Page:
For his fifth solo exhibition at London’s Frith Street Gallery photographer John Riddy’s latest body of work, Palermo, takes a broader look at the less visible parts of the Sicilian capital’s urban landscape. The sites photographed for the series range from abandoned back alleys to deserted shipyards. An empty town square photographed at midday would seem to suggest that the Palermo photographs are the product of a Photoshop session, wherein the artist has carefully removed all of the human subjects usually present in these locations. However, this is not the case, and post-production in Riddy’s work is limited to adjusting the textural elements in his photographs, including light and colour.
The works on display in this exhibition each display a remarkable sense of formal symmetry, this is perhaps most noticeable in the recurring scenes of vacant alleyways, in which Riddy has exploited the constructed environment surrounding the uninhabited laneways to serve as a compositional frame. Palermo (Carmine) (2012), for example, represents a disorganized alleyway, littered with empty cardboard boxes and projecting balconies. In the scene, Riddy’s angle is calculated so that the facades of the buildings align to impose a sense of linear perspective on the scene. In these black and white pictures, the sky above the buildings is reflected in the puddles below illuminating the middle ground and dividing the scene into two equal parts, and the discord created by the scattered objects is resolved through the formal composition of the scene.
The specific use of black and white film for this series may be something worth dwelling on. Whereas Riddy more often shoots in colour – as seen in earlier bodies of work such as Views from Mount Shin-Fuji (2005) – the decision to shoot in black and white for this series lends the works in the exhibition a sense of timelessness. However, a different story emerges when the viewer takes a closer look at the objects of the photographs, and the arrangement of the works themselves. From the first photograph in the exhibition- Palermo (Giardini Inglese) (2013), a photograph of a neoclassical statue in an empty room- to the last- Palermo (Frangiai) (2013), a photograph of a parked car- the objects in the photographs serve as iconic reminders of the inexorable passage of time.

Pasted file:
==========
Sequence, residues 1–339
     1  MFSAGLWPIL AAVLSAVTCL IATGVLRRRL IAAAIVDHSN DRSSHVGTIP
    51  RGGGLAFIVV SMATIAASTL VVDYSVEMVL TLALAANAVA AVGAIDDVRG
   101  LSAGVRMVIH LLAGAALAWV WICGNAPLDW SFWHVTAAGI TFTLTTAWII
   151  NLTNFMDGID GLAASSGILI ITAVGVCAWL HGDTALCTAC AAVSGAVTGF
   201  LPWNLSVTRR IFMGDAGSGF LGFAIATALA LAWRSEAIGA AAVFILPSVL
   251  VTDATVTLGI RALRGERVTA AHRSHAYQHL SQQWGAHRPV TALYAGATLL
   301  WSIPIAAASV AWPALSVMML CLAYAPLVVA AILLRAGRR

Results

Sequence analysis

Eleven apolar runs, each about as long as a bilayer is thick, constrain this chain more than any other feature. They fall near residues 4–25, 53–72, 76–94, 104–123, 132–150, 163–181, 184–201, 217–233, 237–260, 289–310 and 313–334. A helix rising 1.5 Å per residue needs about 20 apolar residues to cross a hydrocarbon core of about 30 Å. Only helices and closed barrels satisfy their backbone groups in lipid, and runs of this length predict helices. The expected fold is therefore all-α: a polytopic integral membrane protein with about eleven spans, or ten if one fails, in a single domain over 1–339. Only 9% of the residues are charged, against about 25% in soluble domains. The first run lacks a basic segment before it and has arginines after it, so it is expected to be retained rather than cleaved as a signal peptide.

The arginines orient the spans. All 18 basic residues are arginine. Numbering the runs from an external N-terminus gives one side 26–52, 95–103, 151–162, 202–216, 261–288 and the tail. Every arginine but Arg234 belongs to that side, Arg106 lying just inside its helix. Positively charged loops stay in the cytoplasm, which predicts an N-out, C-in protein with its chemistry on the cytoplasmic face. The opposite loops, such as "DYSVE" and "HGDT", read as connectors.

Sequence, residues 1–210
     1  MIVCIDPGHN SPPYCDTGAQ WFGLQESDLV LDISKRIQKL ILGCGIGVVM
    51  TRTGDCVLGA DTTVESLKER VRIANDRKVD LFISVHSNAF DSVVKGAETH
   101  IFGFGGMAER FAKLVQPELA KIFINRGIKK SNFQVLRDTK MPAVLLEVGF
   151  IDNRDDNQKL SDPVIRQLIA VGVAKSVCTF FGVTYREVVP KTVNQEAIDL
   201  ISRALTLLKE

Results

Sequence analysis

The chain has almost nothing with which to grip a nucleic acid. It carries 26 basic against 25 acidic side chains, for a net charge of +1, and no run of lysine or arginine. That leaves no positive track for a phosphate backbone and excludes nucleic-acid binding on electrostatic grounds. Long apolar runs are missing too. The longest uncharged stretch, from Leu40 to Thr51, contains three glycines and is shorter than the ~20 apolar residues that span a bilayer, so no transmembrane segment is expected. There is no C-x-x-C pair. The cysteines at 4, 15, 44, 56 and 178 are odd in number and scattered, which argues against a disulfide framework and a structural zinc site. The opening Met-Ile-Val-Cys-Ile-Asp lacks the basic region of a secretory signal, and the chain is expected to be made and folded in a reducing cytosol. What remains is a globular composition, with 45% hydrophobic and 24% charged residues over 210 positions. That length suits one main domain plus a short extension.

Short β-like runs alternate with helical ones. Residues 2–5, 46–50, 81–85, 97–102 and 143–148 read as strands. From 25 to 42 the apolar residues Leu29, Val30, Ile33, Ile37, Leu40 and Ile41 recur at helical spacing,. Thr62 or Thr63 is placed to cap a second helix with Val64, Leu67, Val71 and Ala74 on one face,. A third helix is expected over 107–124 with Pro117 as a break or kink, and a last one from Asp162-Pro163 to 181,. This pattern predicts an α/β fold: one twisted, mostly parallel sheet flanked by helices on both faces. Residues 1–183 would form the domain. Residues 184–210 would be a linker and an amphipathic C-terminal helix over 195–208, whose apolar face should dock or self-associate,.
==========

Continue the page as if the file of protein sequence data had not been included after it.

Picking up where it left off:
Riddy’s process involves visiting and re-visiting the scenes in his photographs until they conform to the image he has created in his imagination, and this would seem to suggest that the artist therefore occupies the position of the observer waiting for the right opportunity to jump in with his camera lens. On the contrary, the Palermo works are anything but spontaneous. Physical decay of the urban landscape is juxtaposed with a remarkable formal beauty just as, in a more conceptual sense, time and timelessness contend with each other in these works. Through the works, Riddy displays an exquisite eye for composition and an acute attention to the details that enable the photographs to express an alternative side of urban life.
John Riddy: Palermo, until 1 June, Frith Street Gallery, 17-18 Golden Square, London W1F 9JJ
1. John Riddy, Palermo (Frangiai), 2012, Archival pigment print, 86 x 93 cm, courtesy of Frith Street Gallery and the artist.